* Sugar sinks almost 4 percent
* Cocoa plumbs end-July levels, coffee hits one-month lows
* Reuters poll points to fall in China sugar imports
* Cocoa grind seen beginning to rebound in fourth quarter (Updates prices; adds details in 4th paragraph)
By Nigel Hunt and Josephine Mason
LONDON, Oct 11 (Reuters) - Raw sugar futures on ICE plunged almost 4 percent on Thursday as funds and speculative investors continued to liquidate positions amid talk that importers may be cancelling cargoes.
Coffee hit one-month lows and cocoa plumbed levels last seen in July amid plentiful supplies and sluggish consumption.
Reinforcing concerns about weakening demand was widespread talk about sugar washouts - where buyers give up the obligation to take delivery by paying a penalty - which centred on China and India, dealers said.
Buyers may be walking away from hundreds of thousands of tonnes worth of contracts after sup ply concerns that sent prices a s high as 24 cents a lb in mid-July d i ssipated. Prices ha ve since plunged 15 percent.
“This is a technical breakdown precipitated by rumors of washouts not yet confirmed. Washout talk generally filters down after the fact, but where there’s smoke, there’s fire,” said Michael McDougall, a vice-president for brokers Newedge USA.
Dealers also cited the absence of China as further evidence of weakening destination buying. Imports by the world’s largest sugar consumer may drop by as much as half in the season to September 2013 on rising domestic output, competition from substitute sweeteners, high inventory and a slowing economy, a Reuters poll showed on Thursday.
March raw sugar on ICE settled at a one-month low, down 0.81 cent, or 3.81 percent, at 20.45 cents a lb, after selling accelerating as prices pierced a string of short- and long-term moving averages.
Dealers suggested further declines will encourage more liquidation by speculative and fund longs.
“Lower import demand overall, especially from Russia and China, remains a drag on this market, and production growth elsewhere will still lead to another surplus globally,” Kona Haque, Macquarie analyst, said in a market note.
Haque said, however, she believes the balance of risk was for prices to rise from current low levels, noting the risk of further deterioration in the crop outlook in India as well as lower production in Thailand and Europe.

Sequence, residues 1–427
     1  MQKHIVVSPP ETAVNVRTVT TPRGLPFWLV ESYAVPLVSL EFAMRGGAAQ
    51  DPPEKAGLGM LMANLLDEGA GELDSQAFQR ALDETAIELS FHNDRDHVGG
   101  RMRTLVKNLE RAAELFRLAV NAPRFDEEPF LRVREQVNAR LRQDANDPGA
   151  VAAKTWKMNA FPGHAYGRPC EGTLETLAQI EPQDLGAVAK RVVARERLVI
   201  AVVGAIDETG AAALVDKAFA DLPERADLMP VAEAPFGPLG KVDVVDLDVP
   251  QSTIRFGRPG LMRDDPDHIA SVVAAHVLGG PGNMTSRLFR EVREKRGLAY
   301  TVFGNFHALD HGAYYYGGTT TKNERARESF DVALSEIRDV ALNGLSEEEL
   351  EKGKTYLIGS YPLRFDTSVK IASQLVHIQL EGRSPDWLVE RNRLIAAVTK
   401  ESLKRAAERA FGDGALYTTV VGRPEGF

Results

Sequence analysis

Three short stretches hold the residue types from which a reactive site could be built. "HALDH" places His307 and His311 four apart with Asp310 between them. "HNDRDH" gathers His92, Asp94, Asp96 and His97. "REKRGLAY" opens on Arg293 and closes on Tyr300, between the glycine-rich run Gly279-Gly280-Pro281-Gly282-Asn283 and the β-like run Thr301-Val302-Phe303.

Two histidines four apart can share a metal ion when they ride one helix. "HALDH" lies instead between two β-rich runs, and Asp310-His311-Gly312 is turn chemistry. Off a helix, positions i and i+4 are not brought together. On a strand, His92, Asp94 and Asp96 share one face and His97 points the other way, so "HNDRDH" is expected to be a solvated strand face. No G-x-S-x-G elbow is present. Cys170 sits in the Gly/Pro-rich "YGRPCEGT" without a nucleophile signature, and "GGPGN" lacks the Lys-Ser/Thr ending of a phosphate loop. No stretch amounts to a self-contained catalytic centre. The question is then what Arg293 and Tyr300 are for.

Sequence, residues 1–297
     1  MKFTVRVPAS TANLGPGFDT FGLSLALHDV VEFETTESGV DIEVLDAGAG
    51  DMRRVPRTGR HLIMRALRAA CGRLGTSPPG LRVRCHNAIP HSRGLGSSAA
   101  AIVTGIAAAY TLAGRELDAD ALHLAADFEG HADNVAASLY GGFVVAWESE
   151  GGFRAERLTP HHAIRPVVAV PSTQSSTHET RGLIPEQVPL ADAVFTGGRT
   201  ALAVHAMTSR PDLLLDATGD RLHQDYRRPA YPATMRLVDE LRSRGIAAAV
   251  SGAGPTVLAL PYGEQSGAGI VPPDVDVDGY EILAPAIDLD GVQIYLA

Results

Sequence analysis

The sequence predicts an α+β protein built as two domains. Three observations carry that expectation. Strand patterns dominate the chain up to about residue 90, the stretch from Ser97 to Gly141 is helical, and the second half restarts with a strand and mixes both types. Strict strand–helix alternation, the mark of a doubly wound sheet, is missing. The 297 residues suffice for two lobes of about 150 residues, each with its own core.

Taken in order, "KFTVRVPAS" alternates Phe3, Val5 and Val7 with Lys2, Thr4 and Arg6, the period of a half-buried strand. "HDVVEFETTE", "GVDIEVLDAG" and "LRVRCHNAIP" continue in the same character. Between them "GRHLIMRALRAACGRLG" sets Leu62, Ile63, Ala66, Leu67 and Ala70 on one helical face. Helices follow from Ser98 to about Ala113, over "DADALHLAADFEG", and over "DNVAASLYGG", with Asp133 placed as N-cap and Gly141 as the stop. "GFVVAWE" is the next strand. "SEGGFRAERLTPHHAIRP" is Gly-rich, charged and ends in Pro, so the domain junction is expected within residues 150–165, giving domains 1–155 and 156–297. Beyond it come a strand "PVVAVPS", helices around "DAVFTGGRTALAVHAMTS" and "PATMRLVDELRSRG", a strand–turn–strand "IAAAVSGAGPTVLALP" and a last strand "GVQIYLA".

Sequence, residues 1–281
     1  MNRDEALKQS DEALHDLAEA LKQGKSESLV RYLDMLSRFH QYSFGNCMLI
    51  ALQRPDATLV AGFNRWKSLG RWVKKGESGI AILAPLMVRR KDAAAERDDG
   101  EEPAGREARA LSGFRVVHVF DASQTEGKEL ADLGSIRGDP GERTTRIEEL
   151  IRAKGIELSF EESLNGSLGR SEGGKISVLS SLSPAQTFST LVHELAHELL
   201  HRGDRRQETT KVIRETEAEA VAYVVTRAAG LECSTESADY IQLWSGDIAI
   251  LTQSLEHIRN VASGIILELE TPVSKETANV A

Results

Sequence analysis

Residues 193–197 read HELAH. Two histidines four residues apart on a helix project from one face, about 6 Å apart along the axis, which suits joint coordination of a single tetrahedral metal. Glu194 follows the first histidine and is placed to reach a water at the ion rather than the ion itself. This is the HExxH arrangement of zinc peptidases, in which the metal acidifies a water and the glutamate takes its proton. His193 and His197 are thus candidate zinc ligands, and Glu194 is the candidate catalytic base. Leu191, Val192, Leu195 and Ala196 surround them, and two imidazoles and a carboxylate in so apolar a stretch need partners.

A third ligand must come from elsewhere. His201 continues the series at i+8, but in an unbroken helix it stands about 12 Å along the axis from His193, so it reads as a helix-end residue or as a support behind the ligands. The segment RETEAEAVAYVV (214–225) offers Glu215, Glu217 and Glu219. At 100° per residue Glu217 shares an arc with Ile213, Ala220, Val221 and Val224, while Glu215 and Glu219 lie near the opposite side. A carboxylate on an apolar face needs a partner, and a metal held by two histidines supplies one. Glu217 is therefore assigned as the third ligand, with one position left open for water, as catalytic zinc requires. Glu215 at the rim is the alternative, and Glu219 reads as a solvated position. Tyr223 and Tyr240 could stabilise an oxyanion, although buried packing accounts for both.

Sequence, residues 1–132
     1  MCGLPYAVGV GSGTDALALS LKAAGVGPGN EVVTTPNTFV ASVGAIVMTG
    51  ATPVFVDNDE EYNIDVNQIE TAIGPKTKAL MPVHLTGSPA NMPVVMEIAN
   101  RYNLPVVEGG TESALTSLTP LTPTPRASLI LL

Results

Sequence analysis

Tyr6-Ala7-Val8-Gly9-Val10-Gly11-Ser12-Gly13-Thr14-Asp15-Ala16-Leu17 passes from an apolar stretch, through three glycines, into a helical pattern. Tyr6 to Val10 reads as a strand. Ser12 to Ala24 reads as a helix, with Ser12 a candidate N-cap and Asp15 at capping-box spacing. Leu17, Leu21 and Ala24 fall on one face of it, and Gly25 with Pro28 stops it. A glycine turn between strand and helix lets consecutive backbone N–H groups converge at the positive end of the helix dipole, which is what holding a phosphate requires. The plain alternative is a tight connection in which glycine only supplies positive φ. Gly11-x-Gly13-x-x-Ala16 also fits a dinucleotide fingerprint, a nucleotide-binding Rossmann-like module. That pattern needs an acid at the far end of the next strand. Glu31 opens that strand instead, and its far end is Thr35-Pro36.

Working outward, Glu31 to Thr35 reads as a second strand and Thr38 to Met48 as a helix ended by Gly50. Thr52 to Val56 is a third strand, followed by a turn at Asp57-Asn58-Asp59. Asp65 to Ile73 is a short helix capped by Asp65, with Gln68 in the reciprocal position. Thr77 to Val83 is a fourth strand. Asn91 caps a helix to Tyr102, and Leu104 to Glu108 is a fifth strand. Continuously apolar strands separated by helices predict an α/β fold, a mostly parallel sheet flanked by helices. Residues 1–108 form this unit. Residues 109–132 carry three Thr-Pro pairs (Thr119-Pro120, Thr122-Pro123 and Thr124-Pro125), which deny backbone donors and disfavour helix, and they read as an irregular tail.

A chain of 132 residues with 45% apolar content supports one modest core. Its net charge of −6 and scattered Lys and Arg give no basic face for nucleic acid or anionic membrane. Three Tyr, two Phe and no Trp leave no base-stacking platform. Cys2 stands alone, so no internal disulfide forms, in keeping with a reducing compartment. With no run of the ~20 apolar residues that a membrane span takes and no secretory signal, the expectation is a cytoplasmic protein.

“The re-stocking process continues, and until it is completed, prices will remain vulnerable to any unforeseen supply - principally weather-related - shocks,” she said.
December white sugar on Liffe fell $22, or 3.70 percent, to $568.4 per tonne.
Dealers awaited an update on ICE’s controversial raw sugar trading hours, which were up for discussion by the exchange’s sugar committee, scheduled to meet at 0830 EST (1230 GMT).
Arabica coffee futures were lower for a third straight session, with the market weighed down by plentiful supplies and rising stocks.
December arabica coffee futures on ICE fell 1.65 percent to $1.6075 per lb, their lowest level since Sept. 6.
Dealers said a run-up in prices earlier this month encountered decent Brazil selling above $1.80 per lb with the market currently well supplied.
ICE certified arabica stocks continued to climb and stood at 2.253 million bags as of Oct. 10, following a prolonged increase from barely more than 1.5 million bags in early May.
“It is no great surprise to see the market give up the ghost and head back down to these levels,” one London dealer said.
Robusta coffee futures on Liffe fell, with November settling 1.05 percent lower at $2,076 a tonne.
Trading houses offered beans from Vietnam’s new crop at discounts to London futures this week, but Indonesian robustas returned to premiums despite a lack of interest from roasters, dealers said on Thursday.
Pressure mounted on cocoa as the market braced for weak third-quarter grind data for Europe and North America next week. A key indicator of demand for chocolate’s key ingredient, analysts expect the data to show large year-on-year declines.
After piercing its 100-day moving average, ICE December cocoa futures fell to lows last hit on July 31, with the next technical support - its 200-day moving average at $2,341 - preventing further losses.
December recovered some ground to settle down $21, or 0.9 percent, at $2,351 per tonne.
A London-based cocoa futures broker said market consensus was for roughly 15-20 percent lower year-on-year third-quarter European grind data.
“You won’t get a reaction in the market unless the data comes in over 20 percent down, or less than 10 percent down,” the broker said.
Falling chocolate demand in Europe due to the economic crisis is expected to cut the continent’s cocoa grinding in the third quarter.
Dealers noted, however, that the global trend may show only a marginal decline and there were signs there could be a modest recovery in the fourth quarter.
March cocoa futures on Liffe settled down 16 pounds, or 1.04 percent, at 1,527 pounds a tonne. (Additional reporting by David Brough; editing by Keiron Henderson, Jim Marshall and John Wallace)